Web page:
Chester


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Ches·ter

 (chĕs′tər)
A city of west-central England on the Dee River south of Liverpool. Built on the site of a Roman fortress, it is noted for its many well-preserved half-timbered buildings.

Chester

(ˈtʃɛstə)
n
(Placename) a city in NW England, administrative centre of the unitary authority of Cheshire West and Chester, on the River Dee: intact surrounding walls; 16th- and 17th-century double-tier shops. Pop: 80 121 (2001). Latin name: Deva

Ches•ter

(ˈtʃɛs tər)

n.
1. a city in Cheshire, in NW England: intact Roman walls. 120,800.
2. former name of Cheshire.
ThesaurusAntonymsRelated WordsSynonymsLegend:
Noun1.Chester - a city of southeastern Pennsylvania on the Delaware river (an industrial suburb of Philadelphia)
Commodore John Barry Bridge - a cantilever bridge in Chester, Pennsylvania
Keystone State, Pennsylvania, PA - a Mid-Atlantic state; one of the original 13 colonies
References in classic literature ?
Chester alluded to her `charming novel', and the Misses Chester introduced parties, picnics, the opera, and the fashions.
Chester, will you come with me and see what they are doing?
They had scarcely watched the great road known as Watling Street which runs from Dover in Kent to Chester town--for many minutes, when they espied a knight riding by in a very forlorn and careless manner.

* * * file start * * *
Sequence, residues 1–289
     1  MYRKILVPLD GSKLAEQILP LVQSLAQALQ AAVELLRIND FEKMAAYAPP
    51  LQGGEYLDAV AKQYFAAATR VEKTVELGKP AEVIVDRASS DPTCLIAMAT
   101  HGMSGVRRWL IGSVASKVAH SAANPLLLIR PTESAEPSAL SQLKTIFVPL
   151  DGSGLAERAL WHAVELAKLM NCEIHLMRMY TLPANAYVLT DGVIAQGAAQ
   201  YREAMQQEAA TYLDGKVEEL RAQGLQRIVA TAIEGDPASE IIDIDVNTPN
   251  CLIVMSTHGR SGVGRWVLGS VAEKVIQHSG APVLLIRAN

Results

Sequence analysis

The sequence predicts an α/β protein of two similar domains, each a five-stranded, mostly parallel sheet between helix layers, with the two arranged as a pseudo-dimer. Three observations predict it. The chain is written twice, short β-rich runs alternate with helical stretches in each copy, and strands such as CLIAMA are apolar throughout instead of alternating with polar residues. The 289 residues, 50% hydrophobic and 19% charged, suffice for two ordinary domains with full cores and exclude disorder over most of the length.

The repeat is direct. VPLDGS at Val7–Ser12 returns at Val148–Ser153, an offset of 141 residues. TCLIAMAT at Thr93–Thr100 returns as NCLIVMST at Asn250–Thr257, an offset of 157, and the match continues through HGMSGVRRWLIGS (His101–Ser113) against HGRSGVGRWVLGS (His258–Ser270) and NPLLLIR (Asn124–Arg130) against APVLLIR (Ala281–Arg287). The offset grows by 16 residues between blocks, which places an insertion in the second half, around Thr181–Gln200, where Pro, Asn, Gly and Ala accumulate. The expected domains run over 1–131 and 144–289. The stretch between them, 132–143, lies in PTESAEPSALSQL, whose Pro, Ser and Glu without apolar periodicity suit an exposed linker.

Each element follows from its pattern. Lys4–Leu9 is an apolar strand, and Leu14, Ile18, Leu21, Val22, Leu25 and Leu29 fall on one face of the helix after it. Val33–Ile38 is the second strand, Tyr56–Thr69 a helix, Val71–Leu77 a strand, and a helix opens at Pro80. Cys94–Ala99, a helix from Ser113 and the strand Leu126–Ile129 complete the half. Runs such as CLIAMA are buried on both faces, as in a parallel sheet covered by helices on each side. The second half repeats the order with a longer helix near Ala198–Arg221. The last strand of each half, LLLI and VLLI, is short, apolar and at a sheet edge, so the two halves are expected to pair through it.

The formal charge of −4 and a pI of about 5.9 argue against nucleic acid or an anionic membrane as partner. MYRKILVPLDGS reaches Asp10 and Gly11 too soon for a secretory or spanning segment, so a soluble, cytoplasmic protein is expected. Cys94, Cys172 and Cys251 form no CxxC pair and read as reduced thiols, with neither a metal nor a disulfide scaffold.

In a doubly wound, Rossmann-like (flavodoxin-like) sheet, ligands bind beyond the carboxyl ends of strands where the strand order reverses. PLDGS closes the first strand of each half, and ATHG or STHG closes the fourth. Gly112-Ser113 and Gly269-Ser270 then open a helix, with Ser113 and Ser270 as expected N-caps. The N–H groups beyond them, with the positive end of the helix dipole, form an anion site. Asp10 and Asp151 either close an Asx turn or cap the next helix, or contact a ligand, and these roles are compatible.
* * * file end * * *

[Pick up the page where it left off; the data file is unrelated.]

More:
I hope y' enjoyed them spinach and gooseberries as I sent Chester with th' other day.
Several of the men spoke of old Simon Chester as one who knew everything in and about the house.
Last year, on a certain evil day, the jousts were held at Chester, and thither my son went, as did I and my lady wife.
Here came the merchandise of all the fair countries which are watered by the Garonne and the Dordogne--the cloths of the south, the skins of Guienne, the wines of the Medoc--to be borne away to Hull, Exeter, Dartmouth, Bristol or Chester, in exchange for the wools and woolfels of England.
These are the York, the Chester, the Wakefield, and the Coventry cycles.
Chester Ross from Spencervale came here that morning.
On one occasion the Pope promised the remission of a thousand days of purgatory to all persons who should be present at the Chester plays, and to this exemption the bishop of Chester added sixty days more.
The Duke of Chester, the vice-president, was a young and rising politician.
This gentleman then being well tired with his long journey from Chester in one day, with which, and some good dry blows he had received in the scuffle, his bones were so sore, that, added to the soreness of his mind, it had quite deprived him of any appetite for eating.